It was a grueling, killing pace that Dick had set for his crew,
but it did not need to last long. The finish line was close at
Hartwell saw the "Scalp-hunter's prow steal up on a level with
the centre of his own canoe.
"Go it, fellows---one last, big spurt!" he yelled.
A sudden yell from shore told another story. The war canoe's
nose was now six feet further along than the bow of the Preston
"Come on, Dick! Come on! Come on!"
"Speed! The last swift dash!" yelled Dick Prescott. "Bend to
Hartwell tried to call to his crew, but could not make himself
heard. The yelling from the shore, and from the boats nearby
drowned out all other sounds.
The two canoes seemed to be rivaling express trains in their speed.
Then the cheers of one faction drowned the groans of the other.
Gridley High School had shot across the finish line by a length
and a half lead over Preston High School.
Just as the "Pathfinder" left the line astern there came from
the Preston craft a sound like the report of a pistol.
One of the Preston braves had snapped his paddle off just above
As the "Scalp-hunter" swung about, Dick saw that broken-off blade
floating on the water.
"I'm glad that paddle didn't snap until you had crossed the line,"
Dick panted. "If it had, the real result would have been in doubt."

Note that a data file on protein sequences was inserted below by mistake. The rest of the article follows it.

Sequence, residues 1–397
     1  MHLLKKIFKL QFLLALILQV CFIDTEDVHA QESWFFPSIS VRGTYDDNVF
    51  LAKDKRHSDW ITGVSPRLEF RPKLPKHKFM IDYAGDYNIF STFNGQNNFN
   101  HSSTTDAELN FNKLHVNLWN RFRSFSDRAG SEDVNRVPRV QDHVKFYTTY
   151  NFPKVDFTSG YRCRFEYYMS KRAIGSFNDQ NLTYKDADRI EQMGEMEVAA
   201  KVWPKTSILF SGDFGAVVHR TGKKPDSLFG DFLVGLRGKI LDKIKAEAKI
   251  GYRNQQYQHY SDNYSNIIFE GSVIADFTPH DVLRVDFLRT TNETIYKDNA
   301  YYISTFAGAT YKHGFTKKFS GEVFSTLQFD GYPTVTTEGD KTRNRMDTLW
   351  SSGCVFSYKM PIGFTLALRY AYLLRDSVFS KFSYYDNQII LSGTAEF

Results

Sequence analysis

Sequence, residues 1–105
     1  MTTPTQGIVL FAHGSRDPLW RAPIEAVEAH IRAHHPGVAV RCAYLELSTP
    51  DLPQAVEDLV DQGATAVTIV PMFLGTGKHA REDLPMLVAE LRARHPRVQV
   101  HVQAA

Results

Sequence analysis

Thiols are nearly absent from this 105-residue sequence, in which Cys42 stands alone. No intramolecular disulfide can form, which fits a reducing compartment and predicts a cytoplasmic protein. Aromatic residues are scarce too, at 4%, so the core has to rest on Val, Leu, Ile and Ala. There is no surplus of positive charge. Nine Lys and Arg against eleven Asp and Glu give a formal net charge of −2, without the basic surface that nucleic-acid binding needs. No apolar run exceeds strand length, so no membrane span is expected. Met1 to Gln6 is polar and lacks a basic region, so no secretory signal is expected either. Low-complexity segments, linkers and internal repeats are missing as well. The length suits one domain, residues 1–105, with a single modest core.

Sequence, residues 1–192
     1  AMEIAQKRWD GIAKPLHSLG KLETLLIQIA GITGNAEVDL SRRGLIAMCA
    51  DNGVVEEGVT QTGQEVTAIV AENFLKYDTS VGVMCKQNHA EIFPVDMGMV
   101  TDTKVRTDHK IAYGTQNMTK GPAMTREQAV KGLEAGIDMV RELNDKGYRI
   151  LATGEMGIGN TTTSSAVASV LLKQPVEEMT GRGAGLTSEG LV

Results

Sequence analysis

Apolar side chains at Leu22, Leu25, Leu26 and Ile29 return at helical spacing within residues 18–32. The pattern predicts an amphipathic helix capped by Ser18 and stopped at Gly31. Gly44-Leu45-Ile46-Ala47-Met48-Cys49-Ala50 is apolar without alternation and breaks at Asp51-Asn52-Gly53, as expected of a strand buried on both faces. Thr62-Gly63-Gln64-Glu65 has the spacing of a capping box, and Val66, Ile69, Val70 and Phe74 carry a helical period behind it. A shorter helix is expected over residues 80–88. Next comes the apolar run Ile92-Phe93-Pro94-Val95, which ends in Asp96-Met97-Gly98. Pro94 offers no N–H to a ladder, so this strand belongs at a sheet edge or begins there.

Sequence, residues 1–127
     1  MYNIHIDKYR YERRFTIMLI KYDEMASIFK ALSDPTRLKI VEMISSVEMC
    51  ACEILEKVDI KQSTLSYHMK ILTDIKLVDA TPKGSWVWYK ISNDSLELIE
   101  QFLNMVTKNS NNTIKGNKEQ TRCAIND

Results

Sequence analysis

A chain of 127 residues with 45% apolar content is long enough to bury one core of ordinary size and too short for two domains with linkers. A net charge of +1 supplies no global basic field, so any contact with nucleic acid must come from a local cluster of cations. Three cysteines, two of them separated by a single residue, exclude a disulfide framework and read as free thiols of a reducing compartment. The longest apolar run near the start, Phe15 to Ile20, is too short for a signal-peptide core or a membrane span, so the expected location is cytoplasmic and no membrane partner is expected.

"Your crew won, Prescott!" called Bob Hart well in a husky voice.
"Thank you," returned Dick. "You're surely a generous enemy."
"Rivals, this afternoon, but enemies never!" protested young Hartwell.
Now a blast from the whistle of the launch recalled the two canoes.
Standing in the bow of the launch, Referee Tyndall announced
so that those on shore might hear plainly:
"Gridley wins by a length and a half!" From the shore came a
wild cheer. There was also a frenzied waving of handkerchiefs
and of parasols. Though the Gridley boosters might be few in
number, they were great in enthusiasm.
As the "Pathfinder" started in for the landing float a crowd made
a rush to meet the canoes. It was not, however, the Preston craft,
that the crowd wanted, for this was a Gridley crowd.
Noting the fact with his keen eyes, Dick gave the word for easy